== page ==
Basically, everybody knows a Yia Yia ( pronounced ya yaaa, with an accented second 'Yia'.)
Often here in Cyprus Yia Yia's are conspicuous by their uniform of black headscarf and clothes - ( when widowed) but not always - there are trendy young Yia Yia's coming along, - however the definition of the term, here at least, still applies ' -Yia Yia - a person who with old-school values that is hard core about respect and doing things the way they have always been done, especially with food, like a Greek grandmother.'
I was recently in the Paphos general hospital, visiting a patient. The elderly lady in the next bed had a Philipino helper, who referred to the lady as Yia Yia - this provoked thought - Yia Yia is as much a title / status as it is a term of endearment. If your'e a certain age, or a Grandmother, your'e everybody's Yia Yia. !!!! RESPECT ! It appears at a certain age - you need never to have had children to be a Yia Yia.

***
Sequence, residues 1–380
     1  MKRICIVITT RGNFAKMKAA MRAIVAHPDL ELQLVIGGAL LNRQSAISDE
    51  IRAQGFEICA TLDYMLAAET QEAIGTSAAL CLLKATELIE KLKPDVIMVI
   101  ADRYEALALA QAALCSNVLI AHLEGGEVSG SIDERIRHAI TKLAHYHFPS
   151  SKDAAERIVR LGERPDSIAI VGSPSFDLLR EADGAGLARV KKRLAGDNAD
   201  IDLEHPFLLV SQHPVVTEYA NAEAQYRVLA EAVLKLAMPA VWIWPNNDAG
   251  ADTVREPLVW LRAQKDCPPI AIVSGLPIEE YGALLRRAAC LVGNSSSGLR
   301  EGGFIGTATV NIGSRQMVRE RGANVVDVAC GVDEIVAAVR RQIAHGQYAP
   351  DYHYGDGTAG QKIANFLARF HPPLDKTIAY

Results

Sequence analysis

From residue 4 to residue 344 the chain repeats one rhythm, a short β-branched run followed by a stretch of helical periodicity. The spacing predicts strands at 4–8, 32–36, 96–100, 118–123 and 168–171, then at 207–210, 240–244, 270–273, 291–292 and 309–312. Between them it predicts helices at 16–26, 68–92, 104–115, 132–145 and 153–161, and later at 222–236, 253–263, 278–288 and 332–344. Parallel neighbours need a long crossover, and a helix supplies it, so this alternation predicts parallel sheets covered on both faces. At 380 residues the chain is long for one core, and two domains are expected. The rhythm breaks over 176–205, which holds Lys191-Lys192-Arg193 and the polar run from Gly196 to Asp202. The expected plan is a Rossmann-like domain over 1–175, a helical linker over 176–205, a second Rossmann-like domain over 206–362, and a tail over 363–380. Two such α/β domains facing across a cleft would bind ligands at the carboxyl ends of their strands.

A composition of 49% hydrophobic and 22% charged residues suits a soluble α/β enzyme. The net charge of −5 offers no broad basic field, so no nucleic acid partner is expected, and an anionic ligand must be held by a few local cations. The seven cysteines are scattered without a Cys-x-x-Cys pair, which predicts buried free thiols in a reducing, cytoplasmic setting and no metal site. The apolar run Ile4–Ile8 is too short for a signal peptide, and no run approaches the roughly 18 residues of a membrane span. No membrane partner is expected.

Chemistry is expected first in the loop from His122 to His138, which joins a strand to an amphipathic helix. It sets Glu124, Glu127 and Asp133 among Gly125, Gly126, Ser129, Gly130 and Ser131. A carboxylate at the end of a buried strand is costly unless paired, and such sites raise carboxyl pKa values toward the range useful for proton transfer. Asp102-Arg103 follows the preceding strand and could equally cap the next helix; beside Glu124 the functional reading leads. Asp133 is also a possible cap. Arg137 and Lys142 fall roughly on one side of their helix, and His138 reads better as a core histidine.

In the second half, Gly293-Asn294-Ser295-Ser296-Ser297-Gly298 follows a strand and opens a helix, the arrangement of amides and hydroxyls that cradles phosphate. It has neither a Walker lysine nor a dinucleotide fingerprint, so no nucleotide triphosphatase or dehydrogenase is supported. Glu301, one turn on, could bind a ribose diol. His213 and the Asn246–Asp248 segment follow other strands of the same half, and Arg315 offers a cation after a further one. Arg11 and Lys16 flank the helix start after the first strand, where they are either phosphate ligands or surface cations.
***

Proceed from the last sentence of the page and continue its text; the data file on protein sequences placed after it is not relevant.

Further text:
The Yia Yia ranks have so much to offer the younger generation, and often relationships between the elderly and the young are exceedingly strong. ( You can tell your Yia Yia things you wouldn't tell your parents)
Yia Yia's still know how to make cakes, lace, embroidery, and can produce a feast at the drop of a hat.
As a ' younger' ( dare I say it) 21st century Yia Yia, living 2000 miles away from my Grandchildren I rely on Cyber - Space to sustain relationships. I can only hope to aspire in some way to the values and richness of the older generation of my group, especially as I see them so respected and indeed revered here in Cyprus.
We simply MUST ensure that we don't 'dum down' the importance of Yia Yias, and loose the skills which they bring to the much younger generation.